Montpelier City Hall hopes to restore historical records damaged by flooding

Published: Jul. 27, 2023 at 5:34 PM EDT|Updated: Jul. 27, 2023 at 8:18 PM EDT
Email This Link
Share on Pinterest
Share on LinkedIn

MONTPELIER, Vt. (WCAX) - Montpelier City Hall remains closed to the public over two weeks after floodwaters raced through the downtown. One of the biggest challenges they face to reopening is taking stock of and restoring damaged historical documents.

“You can see where the water came up to here--right there. My vital records--birth certificates, death certificates were all about here,” said Montpelier City Clerk John Odum. He says about 4 feet of water filled City Hall. “Water destroys things. You can’t just hang them out to dry on the clothesline.”

Lost in the basement were the planning, public works, and historic records, like grand lists. “There’s varying types of damage and varying types of documents, some worse than others. Some escaped damage entirely,” Odum said.

He says all of people’s vital records were spared as well as many land records that have been digitized over the years. “We’re probably going to move whole departments up from the basement to make sure this doesn’t happen again. In the case of some of my records, just place it high enough in the old vault so it’s above any potential waterline,” Odum said.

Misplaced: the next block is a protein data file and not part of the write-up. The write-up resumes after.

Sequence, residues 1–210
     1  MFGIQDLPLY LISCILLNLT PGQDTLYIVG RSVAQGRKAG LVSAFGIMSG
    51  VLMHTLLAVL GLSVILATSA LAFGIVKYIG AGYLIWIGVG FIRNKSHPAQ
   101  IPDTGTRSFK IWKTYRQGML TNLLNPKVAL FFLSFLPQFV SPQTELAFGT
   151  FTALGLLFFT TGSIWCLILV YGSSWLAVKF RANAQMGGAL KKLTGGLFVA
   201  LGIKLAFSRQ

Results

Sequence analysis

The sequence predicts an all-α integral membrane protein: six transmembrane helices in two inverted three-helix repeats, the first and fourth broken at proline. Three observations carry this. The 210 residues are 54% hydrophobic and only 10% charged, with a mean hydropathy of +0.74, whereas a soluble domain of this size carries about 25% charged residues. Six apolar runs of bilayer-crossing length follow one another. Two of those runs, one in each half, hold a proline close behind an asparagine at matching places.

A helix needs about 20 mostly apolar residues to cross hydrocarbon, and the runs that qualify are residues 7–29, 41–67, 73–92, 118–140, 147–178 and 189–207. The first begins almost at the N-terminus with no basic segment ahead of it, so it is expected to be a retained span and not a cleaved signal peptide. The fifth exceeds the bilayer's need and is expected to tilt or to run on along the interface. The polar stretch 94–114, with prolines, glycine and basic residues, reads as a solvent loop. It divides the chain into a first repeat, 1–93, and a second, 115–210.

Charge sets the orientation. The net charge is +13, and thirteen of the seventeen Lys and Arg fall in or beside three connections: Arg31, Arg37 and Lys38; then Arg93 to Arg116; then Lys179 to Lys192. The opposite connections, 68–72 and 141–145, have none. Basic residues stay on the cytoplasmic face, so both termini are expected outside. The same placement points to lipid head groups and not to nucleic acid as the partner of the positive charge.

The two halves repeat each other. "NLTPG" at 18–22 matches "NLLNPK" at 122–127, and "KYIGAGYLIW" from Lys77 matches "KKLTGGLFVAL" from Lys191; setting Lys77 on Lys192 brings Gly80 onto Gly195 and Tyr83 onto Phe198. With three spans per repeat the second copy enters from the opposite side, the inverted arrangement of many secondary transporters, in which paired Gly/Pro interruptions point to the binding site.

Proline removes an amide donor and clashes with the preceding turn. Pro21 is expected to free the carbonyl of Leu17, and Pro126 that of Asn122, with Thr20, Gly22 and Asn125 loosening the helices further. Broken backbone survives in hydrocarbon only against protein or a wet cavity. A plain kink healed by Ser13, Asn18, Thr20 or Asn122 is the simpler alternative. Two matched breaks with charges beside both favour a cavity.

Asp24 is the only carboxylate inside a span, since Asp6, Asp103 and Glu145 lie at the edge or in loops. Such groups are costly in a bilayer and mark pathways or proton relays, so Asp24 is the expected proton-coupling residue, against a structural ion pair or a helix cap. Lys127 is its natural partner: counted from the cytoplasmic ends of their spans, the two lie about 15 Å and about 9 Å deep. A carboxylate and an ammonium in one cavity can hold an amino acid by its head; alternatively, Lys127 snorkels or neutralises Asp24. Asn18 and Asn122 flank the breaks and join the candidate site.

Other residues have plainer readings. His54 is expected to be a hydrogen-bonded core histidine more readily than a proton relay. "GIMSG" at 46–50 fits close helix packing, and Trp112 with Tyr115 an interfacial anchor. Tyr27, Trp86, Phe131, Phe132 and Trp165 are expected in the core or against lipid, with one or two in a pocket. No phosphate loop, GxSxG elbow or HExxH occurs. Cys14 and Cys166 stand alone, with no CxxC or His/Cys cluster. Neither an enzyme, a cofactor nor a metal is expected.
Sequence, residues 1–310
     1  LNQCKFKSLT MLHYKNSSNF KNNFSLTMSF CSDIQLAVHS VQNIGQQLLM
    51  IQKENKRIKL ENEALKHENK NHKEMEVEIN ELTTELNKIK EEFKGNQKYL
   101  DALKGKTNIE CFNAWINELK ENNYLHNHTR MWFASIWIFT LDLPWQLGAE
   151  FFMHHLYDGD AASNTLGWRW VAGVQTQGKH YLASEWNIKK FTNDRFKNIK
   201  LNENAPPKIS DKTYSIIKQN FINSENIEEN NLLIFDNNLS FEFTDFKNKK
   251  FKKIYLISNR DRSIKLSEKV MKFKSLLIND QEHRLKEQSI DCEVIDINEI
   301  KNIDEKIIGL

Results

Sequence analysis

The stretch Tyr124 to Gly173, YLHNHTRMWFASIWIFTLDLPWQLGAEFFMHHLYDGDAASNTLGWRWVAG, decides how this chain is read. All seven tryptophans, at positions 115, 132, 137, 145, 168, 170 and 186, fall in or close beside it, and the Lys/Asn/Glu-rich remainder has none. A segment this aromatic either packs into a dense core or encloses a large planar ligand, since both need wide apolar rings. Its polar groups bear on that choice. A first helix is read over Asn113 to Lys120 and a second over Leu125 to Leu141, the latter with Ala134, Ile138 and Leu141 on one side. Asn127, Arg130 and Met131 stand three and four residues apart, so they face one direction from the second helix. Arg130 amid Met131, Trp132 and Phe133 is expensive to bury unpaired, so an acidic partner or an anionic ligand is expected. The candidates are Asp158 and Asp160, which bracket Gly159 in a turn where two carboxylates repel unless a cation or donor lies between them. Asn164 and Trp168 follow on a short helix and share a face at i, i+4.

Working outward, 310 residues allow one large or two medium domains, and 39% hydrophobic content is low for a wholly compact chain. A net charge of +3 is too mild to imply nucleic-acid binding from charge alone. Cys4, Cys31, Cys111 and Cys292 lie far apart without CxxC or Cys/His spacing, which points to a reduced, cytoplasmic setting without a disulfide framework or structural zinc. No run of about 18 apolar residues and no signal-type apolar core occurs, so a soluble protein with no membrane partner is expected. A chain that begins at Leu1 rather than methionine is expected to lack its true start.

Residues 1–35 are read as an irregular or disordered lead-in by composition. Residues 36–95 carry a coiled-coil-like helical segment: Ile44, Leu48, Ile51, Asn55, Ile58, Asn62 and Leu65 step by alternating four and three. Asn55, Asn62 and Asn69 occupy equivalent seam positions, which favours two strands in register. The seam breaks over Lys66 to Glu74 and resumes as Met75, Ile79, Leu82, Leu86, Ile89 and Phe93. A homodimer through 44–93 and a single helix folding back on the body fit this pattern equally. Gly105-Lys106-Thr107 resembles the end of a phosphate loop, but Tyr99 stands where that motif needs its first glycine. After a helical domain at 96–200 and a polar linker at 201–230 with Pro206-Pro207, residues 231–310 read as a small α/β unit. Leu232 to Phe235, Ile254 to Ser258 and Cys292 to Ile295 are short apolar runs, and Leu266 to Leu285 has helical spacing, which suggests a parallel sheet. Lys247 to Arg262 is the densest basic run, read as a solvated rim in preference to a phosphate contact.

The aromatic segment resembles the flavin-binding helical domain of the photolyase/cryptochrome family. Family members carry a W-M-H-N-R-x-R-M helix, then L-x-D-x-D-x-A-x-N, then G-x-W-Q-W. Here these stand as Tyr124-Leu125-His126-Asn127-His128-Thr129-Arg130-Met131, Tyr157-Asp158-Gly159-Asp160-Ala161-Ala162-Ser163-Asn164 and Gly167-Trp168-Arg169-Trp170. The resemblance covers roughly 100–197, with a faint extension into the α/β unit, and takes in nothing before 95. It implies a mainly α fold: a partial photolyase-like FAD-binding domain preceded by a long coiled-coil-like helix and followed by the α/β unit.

As for what was damaged, an independent contractor is going to do their best to restore them. “They’ll be vacuumed, freeze-dried, cleaned as needed, and brought back. Then, the staff can continue to provide access to the public to those records,” said Rachel Onuf, director of the Vermont Historical Records Program.

She says Montpelier was the only city with excessive document damage, though they are encouraging other municipalities and individuals to be proactive in protecting important documents. “Upgrading dehumidifiers, keeping windows closed, making sure there’s airflow from a fan.” And even if documents didn’t get wet... “Don’t think the need to keep an eye on them is over. You need to make sure mold doesn’t have an opportunity to bloom.”

Onuf and Odum are hopeful Montpelier will come through this with most of their documents intact. “Things will become clearer as the days go forward and we know more -- what can be saved and what can’t. Until then, there’s a bit of a sense, it’s a waiting game,” Odum said.

For individuals in need of help drying out documents, officials have tips on what you can do on your own with tools from the hardware store. They are also offering in-person help to communities that reach out.